A focus on Biden's proposed capital gains tax increase. Under current law, gains from the sale of stocks, mutual funds, and other capital assets that are held for at least one year are taxed at either a 0%, 15%, or 20% rate. The highest rate (20%) is for wealthier taxpayers — i.e., single filers with taxable income over $445,850, head-of-household filers with taxable income over $473,750, and married couples filing a joint return with taxable income over $501,600. President Biden has previously stated that he wants anyone making more than $1 million per year to pay a 39.6% tax on long-term capital gains. That's nearly twice as much as the current rate. The forthcoming proposals on capital gains, White House press secretary Jen Psaki noted, would only affect the top 0.3% of taxpayers. Essentially, the idea is for millionaires to pay the same tax on long-term capital gains that they would pay on ordinary income, such as wages. Right now, the top tax rate on ordinary income is 37%, but Biden has also said on numerous occasions that he wants to boost that rate to 39.6%, which is the same top rate that applied before former President Trump's 2017 tax reform act.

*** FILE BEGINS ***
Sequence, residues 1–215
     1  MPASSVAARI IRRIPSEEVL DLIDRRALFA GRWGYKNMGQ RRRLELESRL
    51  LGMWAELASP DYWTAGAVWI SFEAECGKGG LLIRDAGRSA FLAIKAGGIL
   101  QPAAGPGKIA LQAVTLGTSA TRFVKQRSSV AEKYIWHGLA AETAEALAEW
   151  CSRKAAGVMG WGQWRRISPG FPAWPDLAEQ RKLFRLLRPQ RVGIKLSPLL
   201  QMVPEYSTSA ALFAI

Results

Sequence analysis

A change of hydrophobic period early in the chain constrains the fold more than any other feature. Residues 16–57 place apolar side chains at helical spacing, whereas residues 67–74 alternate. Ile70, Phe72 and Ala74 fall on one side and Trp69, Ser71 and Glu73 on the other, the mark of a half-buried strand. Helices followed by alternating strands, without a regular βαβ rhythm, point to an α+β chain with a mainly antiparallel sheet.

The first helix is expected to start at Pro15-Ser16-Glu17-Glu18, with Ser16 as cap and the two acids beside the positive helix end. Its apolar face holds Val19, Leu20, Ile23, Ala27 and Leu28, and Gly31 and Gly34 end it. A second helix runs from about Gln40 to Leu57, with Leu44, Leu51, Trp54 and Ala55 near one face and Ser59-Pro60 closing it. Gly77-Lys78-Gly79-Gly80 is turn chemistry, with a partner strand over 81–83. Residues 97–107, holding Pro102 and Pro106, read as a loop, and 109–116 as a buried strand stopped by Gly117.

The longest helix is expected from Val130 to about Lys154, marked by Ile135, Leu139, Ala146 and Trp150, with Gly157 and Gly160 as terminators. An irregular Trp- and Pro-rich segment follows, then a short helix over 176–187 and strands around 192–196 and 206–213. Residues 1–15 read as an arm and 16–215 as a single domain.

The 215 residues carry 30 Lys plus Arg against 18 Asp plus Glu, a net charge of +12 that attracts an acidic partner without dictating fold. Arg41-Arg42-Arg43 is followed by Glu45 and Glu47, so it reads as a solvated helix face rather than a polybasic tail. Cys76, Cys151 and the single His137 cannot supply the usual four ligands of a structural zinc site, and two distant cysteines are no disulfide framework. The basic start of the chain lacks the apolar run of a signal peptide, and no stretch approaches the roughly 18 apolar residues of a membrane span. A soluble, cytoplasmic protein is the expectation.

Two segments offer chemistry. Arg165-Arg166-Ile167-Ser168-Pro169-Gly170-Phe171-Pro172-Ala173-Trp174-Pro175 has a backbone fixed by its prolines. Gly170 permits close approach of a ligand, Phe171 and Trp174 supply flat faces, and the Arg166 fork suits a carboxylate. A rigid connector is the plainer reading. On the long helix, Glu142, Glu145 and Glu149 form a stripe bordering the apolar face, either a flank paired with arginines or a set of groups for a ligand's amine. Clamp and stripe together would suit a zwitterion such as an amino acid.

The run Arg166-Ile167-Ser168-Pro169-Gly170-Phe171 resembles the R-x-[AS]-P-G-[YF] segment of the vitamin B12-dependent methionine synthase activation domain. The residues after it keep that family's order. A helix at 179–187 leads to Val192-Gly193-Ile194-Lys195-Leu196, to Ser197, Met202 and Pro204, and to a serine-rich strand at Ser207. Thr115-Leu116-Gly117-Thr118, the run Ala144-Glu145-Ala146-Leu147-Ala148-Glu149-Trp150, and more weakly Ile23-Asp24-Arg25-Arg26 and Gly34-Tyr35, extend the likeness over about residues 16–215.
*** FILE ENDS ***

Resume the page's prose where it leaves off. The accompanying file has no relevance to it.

Surtax on net investment income. Recall there is a 3.8% surtax on net investment income (e.g., taxable interest, dividends, gains, passive rents, annuities, and royalties). This extra tax hits single taxpayers with a modified adjusted gross income over $200,000 and joint filers with a modified AGI over $250,000. Biden hasn't suggested doing away with or otherwise modifying this extra tax, which means millionaires could see the overall tax rate on capital gains soar to 43.4%.